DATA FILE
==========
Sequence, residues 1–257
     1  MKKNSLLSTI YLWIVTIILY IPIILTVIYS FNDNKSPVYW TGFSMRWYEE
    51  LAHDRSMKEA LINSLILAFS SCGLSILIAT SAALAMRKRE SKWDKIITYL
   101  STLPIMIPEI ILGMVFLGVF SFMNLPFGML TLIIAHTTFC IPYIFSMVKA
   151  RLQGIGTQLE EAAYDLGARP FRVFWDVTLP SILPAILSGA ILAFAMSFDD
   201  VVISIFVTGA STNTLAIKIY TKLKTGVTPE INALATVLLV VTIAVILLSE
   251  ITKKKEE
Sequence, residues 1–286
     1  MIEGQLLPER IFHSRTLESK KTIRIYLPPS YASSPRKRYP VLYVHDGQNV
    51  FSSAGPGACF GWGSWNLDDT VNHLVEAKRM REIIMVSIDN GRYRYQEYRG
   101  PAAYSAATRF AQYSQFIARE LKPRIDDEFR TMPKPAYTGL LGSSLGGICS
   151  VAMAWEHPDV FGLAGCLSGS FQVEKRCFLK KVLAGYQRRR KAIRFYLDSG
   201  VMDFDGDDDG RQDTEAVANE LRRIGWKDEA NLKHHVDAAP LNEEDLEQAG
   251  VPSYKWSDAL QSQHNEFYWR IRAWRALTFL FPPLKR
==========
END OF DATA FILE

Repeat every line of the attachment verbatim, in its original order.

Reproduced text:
Sequence, residues 1–257
     1  MKKNSLLSTI YLWIVTIILY IPIILTVIYS FNDNKSPVYW TGFSMRWYEE
    51  LAHDRSMKEA LINSLILAFS SCGLSILIAT SAALAMRKRE SKWDKIITYL
   101  STLPIMIPEI ILGMVFLGVF SFMNLPFGML TLIIAHTTFC IPYIFSMVKA
   151  RLQGIGTQLE EAAYDLGARP FRVFWDVTLP SILPAILSGA ILAFAMSFDD
   201  VVISIFVTGA STNTLAIKIY TKLKTGVTPE INALATVLLV VTIAVILLSE
   251  ITKKKEE
Sequence, residues 1–286
     1  MIEGQLLPER IFHSRTLESK KTIRIYLPPS YASSPRKRYP VLYVHDGQNV
    51  FSSAGPGACF GWGSWNLDDT VNHLVEAKRM REIIMVSIDN GRYRYQEYRG
   101  PAAYSAATRF AQYSQFIARE LKPRIDDEFR TMPKPAYTGL LGSSLGGICS
   151  VAMAWEHPDV FGLAGCLSGS FQVEKRCFLK KVLAGYQRRR KAIRFYLDSG
   201  VMDFDGDDDG RQDTEAVANE LRRIGWKDEA NLKHHVDAAP LNEEDLEQAG
   251  VPSYKWSDAL QSQHNEFYWR IRAWRALTFL FPPLKR